• Thursdays in April, 10:30am – noon, PST (April 9, 16, and 23)
And if you have a hankering for a low-key, creative coffee break on Tuesdays, in between other things that you’re focused on, check out:
    • WHAT: Lightly-facilitated, fun drawing exercises to give yourself a creative break and bridge the Work-From-Home isolation. Inspired by the fabulous work of Lynda Barry.
    • WHO: Suitable for solo attendance, skills not required. And feel free to bring your ‘drawing associate’. (Can they write their name and draw a credible stick figure? Are you already sharing serving utensils and boxes of antibacterial wipes with them? They’re qualified for the job!)
    • WHEN: Four Tuesdays in April, 10:30am PST. (April 7, 14, 21, 28)
    • Free. Space is limited. Register HERE.
Some other useful resources + creative offerings:

Some of these are specific to a certain region (and might only be useful as a model for how your community could weave itself together during the challenges ahead). Obviously, this isn’t comprehensive, just a handful of examples of people rallying together, pooling their energy, creativity, and knowledge to pitch in during this challenging time.

  • Support the Shorts. When the City of Austin had to cancel this year’s SXSW festival, hundreds of filmmakers lost the opportunity for their work to be seen. SXSW has long been a champion of independent filmmakers, and premiering a short film at the festival is a one-of-a-kind opportunity for creators to share their vision with the world. Mailchimp and Oscilloscope Laboratories created a digital home for this incredible slate of short films, so you can watch them from wherever you are, during a time when we could all use a little more connection.
  • The Intentionalist’s Gift Certificate Marketplace. The Intentionalist is an online guide to intentional spending that supports small businesses and diverse local communities, and they make it easy for you to find local restaurants, bars, gyms, shops, and more owned by women, people of color, veterans, LGBTQ, families, and differently abled people. “So many people want to support local businesses, but it’s hard when it isn’t possible to buy their gift certificates online” said Intentionalist CEO, Laura Clise. “This is a one-stop-shop where community members can support a variety of local small businesses today, and then look forward to using the gift certificates for future purchases.”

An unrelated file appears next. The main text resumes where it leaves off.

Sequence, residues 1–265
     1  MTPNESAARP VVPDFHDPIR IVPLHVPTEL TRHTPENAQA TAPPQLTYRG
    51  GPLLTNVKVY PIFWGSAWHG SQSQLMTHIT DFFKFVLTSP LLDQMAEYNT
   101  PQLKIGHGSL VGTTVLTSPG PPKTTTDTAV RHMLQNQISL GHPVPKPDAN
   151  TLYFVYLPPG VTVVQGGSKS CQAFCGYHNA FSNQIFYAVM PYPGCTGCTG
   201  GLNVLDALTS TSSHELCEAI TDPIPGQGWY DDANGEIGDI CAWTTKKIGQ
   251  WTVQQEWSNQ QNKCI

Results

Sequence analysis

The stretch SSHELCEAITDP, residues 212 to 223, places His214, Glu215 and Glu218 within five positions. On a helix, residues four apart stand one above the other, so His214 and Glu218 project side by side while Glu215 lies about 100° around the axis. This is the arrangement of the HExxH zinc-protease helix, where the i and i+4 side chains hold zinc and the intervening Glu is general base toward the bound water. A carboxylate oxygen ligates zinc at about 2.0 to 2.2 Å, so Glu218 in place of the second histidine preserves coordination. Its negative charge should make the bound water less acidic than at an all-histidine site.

• Island Song Dedication Hour. Radio host Tara Morgan and the folks at Voice of Vashon public radio are hosting another Island Song Dedication Hour on Wed, 4/8, from 11am-noon. Last week’s show was such a lovely window into a community rallying together. Thoughtful dedications to local postal workers, grocery clerks, pet shelter volunteers, senior center staff, high school sports teams, and beyond. Even if you don’t know a soul on Vashon Island (WA), you’ll enjoy the heartfelt gratitude, the eclectic playlist, and a joyful example of embracing our interdependence. Tune in here on Wed, 4/8, from 11am – noon.
  • Centering in Times of Uncertainty: Breathing and centering practices led by fantastic colleagues and facilitators Annie Von Essen and Erika Murcia of the Room Next Door. Thursday, 4/9 @ 2pm PST.
Please stay in touch:
  • I’d love to see you at any/all of the virtual gatherings that strike your fancy. (And if you have ideas for other topics/formats/etc, please let me know.)
  • If you’d like a sounding board for whatever leadership challenges you’re navigating, please reach out and let me know what’s on your mind.

Big thanks, more soon, and take care of yourself and each other.


Sara Lawson is a consultant, coach, facilitator, and the creator of Gauge Leadership Lab (Bellingham Series starts October 9th, 2020; London series starts Oct 20, 2020; Seattle series starts on March 5, 2021). She is passionate about the role that mission-inspired companies and organizations have in strengthening communities. She also knows that leadership can be fulfilling AND frustrating, even for dedicated, skilled, and creative people. You can reach Sara HERE.